Moreover, since the workers are the ones who are directly exploited by the capitalists, they have the most potential for seeing most thoroughly the absolute unjustness and insanity of the capitalist system. Thus, of all classes in society, the working class also has the most potential for seeing the need to overthrow capitalism and to replace it with a new system – socialism – that will benefit not a handful of capitalists, but the workers and the masses of the people.

Also, in building the mass movement of all sections of the people to overthrow the capitalist system, the workers have the greatest power to cripple the capitalists. If the workers don’t work, the capitalists don’t profit. Finally, as the only thoroughly productive class in society, as the only class which produces and distributes the things necessary for life, the working class is the only class which literally holds in its hands not only the ability to destroy the old, rotting capitalist society, but the ability to build the new, healthy socialist society.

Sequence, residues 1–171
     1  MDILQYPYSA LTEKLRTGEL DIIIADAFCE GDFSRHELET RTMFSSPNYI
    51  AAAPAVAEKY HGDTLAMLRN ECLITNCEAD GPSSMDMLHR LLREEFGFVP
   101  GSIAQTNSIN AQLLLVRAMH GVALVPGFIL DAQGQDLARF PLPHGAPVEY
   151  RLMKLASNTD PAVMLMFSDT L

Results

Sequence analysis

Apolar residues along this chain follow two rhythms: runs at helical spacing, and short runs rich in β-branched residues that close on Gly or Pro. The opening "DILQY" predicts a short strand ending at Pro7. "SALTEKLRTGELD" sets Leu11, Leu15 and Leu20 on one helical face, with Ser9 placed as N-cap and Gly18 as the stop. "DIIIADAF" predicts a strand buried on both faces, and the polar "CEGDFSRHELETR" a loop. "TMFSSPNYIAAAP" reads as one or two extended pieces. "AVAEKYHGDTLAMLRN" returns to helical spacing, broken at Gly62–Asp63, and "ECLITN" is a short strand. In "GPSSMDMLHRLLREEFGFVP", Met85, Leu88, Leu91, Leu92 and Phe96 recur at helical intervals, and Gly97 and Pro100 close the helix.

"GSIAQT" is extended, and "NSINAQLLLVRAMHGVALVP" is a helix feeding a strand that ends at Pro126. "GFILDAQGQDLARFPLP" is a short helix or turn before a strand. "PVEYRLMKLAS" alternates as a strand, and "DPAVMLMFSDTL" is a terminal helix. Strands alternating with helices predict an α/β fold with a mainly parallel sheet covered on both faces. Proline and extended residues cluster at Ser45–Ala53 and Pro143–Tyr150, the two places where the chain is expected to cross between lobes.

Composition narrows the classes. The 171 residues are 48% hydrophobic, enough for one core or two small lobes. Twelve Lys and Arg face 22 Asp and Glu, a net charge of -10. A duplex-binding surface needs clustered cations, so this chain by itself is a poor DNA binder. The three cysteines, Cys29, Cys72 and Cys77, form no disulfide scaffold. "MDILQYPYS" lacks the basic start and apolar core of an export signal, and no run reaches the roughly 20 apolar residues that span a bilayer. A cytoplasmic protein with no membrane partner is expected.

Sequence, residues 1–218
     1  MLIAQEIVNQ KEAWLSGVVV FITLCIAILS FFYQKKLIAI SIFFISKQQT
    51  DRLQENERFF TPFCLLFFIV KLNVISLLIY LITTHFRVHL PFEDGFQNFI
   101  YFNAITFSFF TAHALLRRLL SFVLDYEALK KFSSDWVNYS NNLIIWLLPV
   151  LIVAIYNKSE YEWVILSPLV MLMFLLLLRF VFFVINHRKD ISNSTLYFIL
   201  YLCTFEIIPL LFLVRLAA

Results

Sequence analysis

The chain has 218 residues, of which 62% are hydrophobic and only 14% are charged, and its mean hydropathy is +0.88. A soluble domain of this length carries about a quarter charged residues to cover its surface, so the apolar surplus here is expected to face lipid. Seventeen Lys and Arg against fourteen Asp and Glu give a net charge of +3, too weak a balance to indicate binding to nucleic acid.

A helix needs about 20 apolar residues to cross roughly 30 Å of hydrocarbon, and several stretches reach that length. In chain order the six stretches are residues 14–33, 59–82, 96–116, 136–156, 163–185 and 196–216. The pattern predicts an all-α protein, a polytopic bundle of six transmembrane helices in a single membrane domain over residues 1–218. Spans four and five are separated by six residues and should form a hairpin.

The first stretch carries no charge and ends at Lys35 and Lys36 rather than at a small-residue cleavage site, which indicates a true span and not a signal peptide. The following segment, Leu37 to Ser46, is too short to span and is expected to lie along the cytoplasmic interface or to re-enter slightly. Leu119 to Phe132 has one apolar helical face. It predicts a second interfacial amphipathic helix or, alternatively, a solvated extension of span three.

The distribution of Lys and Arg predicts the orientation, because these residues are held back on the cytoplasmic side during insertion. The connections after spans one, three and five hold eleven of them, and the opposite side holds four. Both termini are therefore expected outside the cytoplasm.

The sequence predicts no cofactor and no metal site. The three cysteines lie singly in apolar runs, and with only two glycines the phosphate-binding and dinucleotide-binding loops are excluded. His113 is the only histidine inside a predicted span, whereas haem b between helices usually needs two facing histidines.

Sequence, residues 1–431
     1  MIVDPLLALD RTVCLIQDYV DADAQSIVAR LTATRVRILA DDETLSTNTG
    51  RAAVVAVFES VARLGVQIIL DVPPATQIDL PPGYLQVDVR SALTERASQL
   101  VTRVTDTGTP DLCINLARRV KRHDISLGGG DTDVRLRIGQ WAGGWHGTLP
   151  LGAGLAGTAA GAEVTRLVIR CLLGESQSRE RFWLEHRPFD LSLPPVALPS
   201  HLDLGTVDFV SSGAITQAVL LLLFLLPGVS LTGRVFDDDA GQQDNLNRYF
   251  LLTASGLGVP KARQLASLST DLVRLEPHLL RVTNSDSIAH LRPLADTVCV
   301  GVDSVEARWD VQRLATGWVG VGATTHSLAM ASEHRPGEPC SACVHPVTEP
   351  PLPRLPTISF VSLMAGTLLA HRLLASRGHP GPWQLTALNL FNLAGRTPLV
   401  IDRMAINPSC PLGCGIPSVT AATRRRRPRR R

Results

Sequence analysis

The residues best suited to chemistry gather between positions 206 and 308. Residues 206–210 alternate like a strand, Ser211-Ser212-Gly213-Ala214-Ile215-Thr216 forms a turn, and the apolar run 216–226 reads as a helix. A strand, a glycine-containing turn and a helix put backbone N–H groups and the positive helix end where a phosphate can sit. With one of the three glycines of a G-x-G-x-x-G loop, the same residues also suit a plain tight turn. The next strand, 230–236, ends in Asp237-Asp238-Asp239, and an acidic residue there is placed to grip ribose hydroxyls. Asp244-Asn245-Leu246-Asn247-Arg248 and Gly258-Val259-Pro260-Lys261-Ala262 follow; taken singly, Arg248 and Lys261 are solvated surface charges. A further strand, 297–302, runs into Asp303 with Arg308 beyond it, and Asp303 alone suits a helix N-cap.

For all these reasons, the Revolutionary Union, learning from genuine Communist organizations throughout the world, believes that the working class, especially the industrial working class, must play the leading role in creating and developing the mass revolutionary movement to overthrow capitalism and to replace it with socialism.

Some people who call themselves Communists, however, do not believe that the working class will play this leading role. Bruce and Jane Franklin, Janet Weiss and Jeff Freed are some of these people. In a statement of this length, it is impossible to explain in detail the kind of anti-working class position these four were putting forward within the RU, and which they finally used to split the RU.